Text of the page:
Your mortgage may actually be more riskier than you realize, according to a new study from the University of Michigan’s Bloomberg Finance.
The study examined a sample of 1,000 borrowers who took out a $150,000 loan to buy a boat and were then offered a similar loan with a 30 percent interest rate.
“Our findings indicate that the initial loan is a more attractive and risky investment than initially believed,” the study concluded.
“Specifically, the initial offer of the lower interest rate significantly outperformed the lower loan rate over the five-year term.”
The researchers concluded that, because interest rates are higher when a loan is offered as a lump sum, borrowers will pay more for the loan in the long run, resulting in higher borrowing costs.
But in the end, the researchers concluded, “We believe the initial interest rate is still attractive for borrowers with modest incomes who would prefer a longer term of repayment.”
Bloomberg’s research found that borrowers with low incomes and credit scores who were offered the lowest interest rate were more likely to take out the loan and default.
“The findings suggest that even if interest rates rise as the cost of living rises, borrowers who are more financially secure will still take out a lower-interest loan,” the authors said.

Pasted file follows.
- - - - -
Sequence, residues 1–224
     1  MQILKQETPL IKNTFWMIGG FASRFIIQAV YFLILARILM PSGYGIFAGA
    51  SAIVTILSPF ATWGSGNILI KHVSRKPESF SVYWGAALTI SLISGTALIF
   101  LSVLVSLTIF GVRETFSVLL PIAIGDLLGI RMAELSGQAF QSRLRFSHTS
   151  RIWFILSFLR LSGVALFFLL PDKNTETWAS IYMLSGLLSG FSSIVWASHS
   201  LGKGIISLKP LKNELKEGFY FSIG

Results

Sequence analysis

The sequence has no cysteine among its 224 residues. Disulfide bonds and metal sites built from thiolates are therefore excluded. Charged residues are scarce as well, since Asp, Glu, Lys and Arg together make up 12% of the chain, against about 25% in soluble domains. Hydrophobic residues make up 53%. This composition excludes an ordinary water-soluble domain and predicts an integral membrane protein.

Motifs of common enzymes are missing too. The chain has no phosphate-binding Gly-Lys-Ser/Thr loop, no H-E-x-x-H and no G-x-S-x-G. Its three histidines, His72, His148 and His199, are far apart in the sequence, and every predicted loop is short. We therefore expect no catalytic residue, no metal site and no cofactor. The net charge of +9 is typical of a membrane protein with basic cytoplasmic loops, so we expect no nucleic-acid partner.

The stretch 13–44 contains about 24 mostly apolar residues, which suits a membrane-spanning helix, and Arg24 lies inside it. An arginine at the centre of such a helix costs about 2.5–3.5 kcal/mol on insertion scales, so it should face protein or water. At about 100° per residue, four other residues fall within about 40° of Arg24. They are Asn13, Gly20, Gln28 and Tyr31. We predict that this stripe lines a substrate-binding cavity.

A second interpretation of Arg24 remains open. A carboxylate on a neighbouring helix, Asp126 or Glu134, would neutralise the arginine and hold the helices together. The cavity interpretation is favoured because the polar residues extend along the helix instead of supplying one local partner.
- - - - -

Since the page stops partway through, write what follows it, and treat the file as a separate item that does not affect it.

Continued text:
But they also warned that, “this finding could have important implications for policymakers, lenders, and consumers as they consider the potential negative impacts of rising interest rates on their personal finances.”
And if you’re looking to save on your mortgage, the research found the best bet is to refinance your loan.
“Refinancing offers the lowest rate possible, while lowering the cost for the consumer, while also providing borrowers with more income to invest,” the report concluded.
The report is not the first to note that a mortgage isn’t as risky as many people think.
According to the Federal Reserve, the average interest rate on mortgages is about 3.5 percent, with some banks offering an even lower rate.
In addition, many lenders are lowering rates to help borrowers with lower incomes and debt.
The Mortgage Bankers Association says that the average loan is typically a “10 to 20 percent down payment,” with many offering a 30-year mortgage.
In contrast, the median home loan is around $250,000, and the average mortgage interest rate in the United States is 4.8 percent.